If your average sales cycle is 30-60 days and this opportunity has spent 30 days in its current stage, winning it is a long shot. The only hesitation I would have is that the opportunity is in the “Present Solution” stage, which is the last stage before customers buy.  Maybe they were waiting for their Q2 budget before purchasing, which means they could make a move in the next month. First, send a note to the rep to owns the opportunity to see if she has any insights. But if she isn’t aware of any specific, outstanding obstacles, purge it. 

Note: If you’re an InsightSquared customer, you can send a note to your rep right from InsightSquared by clicking on the opportunity and choosing “Send Note”:

Scenario #2: While reviewing the open opportunities in your pipeline, you take a look at your Strike Zone chart. This chart helps you identify the “sweet spot” of winnable opportunities and measure current open opportunities against that sweet spot so you can more easily decide which opportunities your reps should focus their efforts on. An opportunity in the “red zone” catches your eye – it’s valued at $90k (your average deal size is $4-8k) and it’s also 58 days old (your average sales cycle is 30-60 days). It’s scheduled to close on May 30th. What do you do, purge it or don’t purge it?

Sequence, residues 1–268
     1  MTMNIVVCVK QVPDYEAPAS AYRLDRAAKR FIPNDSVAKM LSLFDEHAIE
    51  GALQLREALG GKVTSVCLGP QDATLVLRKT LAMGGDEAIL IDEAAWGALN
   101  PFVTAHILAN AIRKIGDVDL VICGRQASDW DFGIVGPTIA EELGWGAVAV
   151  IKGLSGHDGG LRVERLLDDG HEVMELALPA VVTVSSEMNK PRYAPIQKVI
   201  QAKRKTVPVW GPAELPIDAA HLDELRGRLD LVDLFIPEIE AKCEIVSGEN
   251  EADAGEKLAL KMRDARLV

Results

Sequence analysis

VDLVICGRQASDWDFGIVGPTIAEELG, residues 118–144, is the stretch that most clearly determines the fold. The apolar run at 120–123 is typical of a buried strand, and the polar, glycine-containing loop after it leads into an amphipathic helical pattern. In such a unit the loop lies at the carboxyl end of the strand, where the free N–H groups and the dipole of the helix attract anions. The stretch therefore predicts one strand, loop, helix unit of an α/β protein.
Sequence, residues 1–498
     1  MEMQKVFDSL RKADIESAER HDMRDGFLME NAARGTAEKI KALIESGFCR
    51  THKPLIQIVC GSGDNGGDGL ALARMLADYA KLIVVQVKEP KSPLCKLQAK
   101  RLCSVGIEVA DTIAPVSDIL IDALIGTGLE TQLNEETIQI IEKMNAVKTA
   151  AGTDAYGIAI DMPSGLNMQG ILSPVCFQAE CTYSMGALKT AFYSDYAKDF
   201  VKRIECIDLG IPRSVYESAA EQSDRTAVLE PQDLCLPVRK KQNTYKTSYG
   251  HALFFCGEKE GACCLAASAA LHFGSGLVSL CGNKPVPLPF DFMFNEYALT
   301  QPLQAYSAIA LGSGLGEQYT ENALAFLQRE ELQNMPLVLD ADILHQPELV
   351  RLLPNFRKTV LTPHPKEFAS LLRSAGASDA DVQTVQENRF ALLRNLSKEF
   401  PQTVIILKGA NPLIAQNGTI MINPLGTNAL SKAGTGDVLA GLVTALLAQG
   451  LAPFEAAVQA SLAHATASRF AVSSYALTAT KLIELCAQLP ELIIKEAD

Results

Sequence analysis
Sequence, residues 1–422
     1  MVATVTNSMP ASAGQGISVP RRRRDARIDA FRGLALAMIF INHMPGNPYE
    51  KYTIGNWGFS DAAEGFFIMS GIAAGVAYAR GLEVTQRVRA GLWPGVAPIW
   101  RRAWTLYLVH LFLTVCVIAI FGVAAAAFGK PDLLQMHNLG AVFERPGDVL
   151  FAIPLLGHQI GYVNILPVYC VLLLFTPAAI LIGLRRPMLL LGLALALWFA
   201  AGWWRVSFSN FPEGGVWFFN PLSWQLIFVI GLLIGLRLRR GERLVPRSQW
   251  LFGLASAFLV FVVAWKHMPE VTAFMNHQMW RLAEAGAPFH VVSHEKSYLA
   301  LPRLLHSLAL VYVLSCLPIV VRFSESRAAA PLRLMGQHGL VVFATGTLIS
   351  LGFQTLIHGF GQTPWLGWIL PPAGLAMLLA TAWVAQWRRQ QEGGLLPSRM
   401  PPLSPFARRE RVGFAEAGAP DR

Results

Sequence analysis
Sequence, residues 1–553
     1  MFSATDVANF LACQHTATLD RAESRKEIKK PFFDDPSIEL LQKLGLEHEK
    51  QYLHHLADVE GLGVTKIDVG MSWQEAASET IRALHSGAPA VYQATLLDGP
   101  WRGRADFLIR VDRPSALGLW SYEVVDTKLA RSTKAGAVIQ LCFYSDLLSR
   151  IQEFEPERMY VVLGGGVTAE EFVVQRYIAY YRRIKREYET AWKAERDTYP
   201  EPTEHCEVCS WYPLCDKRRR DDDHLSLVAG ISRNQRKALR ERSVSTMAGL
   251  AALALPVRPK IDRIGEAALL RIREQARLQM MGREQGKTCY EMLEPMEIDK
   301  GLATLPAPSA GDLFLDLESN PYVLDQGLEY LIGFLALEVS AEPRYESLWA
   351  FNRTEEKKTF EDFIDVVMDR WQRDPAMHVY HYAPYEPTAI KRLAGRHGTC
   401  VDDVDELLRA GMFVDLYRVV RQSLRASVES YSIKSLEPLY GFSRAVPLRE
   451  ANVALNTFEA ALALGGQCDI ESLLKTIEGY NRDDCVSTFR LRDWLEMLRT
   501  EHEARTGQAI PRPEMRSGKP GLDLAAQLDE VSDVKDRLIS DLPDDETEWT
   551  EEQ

Although this opportunity being on the edge of a yellow/red zone hints that may not close, you should still always dig into each opportunity and try to get a grasp on the details. How does opportunity value affect win rate, anyway?

Hmmm. It looks like win rate really drops off after about $11k. You click in to the details of the opportunity and see that the last sales activities on the opportunity were a demo on January 22nd and 3 sales calls in February. That was over a month ago. It’s time to check in with the rep who owns the opportunity, and if s/he agrees it doesn’t have momentum and probably won’t close, purge it.

Scenario #3: There’s an opportunity in your pipeline that’s taking a tremendous amount of effort by one of your reps. Her colleague opened the opportunity 4 ½ months ago on November 19th, and your average sales cycle is 30-60 days. The opportunity value is right in your wheelhouse, though: $4,800 when your average winning deal is valued at $4-8k. But look at how many times she’s touched this opportunity! Notice that most of the late-stage activity has happened in the last 2 weeks or so. If the opportunity’s decision-maker has taken this long, how can you expect them to close in a normal time period? But it’s decision time: purge it or don’t purge it?